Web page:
Global Payments, Inc. v. InComm Financial Services, Inc.Annotate this Case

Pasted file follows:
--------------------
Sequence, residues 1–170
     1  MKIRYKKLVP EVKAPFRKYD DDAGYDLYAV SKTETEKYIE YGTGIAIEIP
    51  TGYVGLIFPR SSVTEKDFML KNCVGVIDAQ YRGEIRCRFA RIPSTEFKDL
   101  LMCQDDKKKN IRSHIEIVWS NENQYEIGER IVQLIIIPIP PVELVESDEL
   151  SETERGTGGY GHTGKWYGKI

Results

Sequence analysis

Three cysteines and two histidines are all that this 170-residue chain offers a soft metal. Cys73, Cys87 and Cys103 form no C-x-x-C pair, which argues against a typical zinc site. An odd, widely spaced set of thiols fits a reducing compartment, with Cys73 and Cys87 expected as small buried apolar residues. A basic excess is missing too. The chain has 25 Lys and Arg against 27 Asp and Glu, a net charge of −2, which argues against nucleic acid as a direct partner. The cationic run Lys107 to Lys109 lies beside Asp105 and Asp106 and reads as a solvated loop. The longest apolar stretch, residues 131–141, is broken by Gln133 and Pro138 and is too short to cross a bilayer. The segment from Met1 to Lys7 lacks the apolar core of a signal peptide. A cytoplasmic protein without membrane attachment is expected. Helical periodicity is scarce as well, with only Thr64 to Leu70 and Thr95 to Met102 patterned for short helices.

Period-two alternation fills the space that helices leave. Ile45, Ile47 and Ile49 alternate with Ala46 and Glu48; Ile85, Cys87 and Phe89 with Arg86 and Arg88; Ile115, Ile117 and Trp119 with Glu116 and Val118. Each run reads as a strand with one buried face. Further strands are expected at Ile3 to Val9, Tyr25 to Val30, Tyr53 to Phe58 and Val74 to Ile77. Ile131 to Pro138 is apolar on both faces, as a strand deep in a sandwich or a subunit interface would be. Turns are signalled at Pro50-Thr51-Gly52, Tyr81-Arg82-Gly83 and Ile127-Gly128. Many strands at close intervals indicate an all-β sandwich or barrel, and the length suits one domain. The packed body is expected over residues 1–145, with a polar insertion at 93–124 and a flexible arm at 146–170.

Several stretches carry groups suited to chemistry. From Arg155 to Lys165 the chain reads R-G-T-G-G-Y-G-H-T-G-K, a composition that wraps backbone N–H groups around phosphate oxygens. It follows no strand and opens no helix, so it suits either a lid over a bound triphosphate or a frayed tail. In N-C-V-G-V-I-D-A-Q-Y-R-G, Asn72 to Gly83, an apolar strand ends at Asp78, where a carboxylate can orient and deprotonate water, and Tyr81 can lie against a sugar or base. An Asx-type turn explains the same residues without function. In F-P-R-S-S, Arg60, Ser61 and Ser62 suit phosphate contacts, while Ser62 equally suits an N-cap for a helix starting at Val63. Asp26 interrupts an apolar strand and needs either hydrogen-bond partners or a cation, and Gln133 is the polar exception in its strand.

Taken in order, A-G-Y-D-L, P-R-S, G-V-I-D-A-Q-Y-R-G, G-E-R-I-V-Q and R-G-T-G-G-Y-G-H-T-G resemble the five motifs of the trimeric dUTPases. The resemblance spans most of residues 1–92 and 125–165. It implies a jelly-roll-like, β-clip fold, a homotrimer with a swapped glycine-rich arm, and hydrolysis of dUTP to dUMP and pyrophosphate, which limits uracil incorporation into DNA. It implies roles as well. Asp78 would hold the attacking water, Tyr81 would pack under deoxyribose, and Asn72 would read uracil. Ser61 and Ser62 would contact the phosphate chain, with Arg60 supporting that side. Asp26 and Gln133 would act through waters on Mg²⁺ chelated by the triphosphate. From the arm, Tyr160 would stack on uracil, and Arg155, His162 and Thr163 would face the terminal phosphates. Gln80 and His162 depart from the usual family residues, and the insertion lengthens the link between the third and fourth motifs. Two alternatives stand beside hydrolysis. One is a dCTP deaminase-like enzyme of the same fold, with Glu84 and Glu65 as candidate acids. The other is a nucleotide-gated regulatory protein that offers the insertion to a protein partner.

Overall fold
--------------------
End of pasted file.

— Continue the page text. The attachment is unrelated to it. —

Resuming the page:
InComm Financial Services issued pre-paid debit and credit cards under the “Vanilla VISA” brand to cardholders who use the cards to buy goods and services. Global Payments, Inc. was a financial data payment processor. Thieves purchased Vanilla VISA pre-paid debit and credit cards and used them to buy goods and services. Then, using certain merchants that were not the merchants who originally sold the goods and services, the thieves initiated counterfeit electronic “reversal transactions” – basically requests for refunds on behalf of the cardholders. Upon receiving the reversal transaction data from the merchants, Global relayed the data to the VISA network. The VISA network then submitted the reversal transaction data to InComm. InComm received the data, posted the reversal transactions to the cardholder accounts, and then issued credits to the merchants who, in turn, passed the credits on to the thieves holding the Vanilla VISA cards. The thieves then converted those credits (in excess of $1.5 million made over 3,600 transactions) to their use. InComm did not allege that Global participated in creating the counterfeit reversal transactions. InComm asserted that Global was liable for the losses InComm suffered as a consequence of those transactions because Global negligently supplied to the VISA network the data created by the reversal merchants. In support of its claim, InComm asserted that Global, as a payment processor, “had a duty to exercise reasonable care in supplying the VISA Network and its participants with the transactions initiated by the Reversal Merchants.” The Court of Appeals reversed the trial court's order dismissing InComm's negligent misrepresentation claim against Global. Global's petition for certiorari review was granted, and the Georgia Supreme Court concluded that because the allegations of the complaint showed that Global merely transmitted data concerning debit and credit card transactions without representing that the transactions were legitimate, the Court of Appeals erred, and the Supreme Court therefore reversed.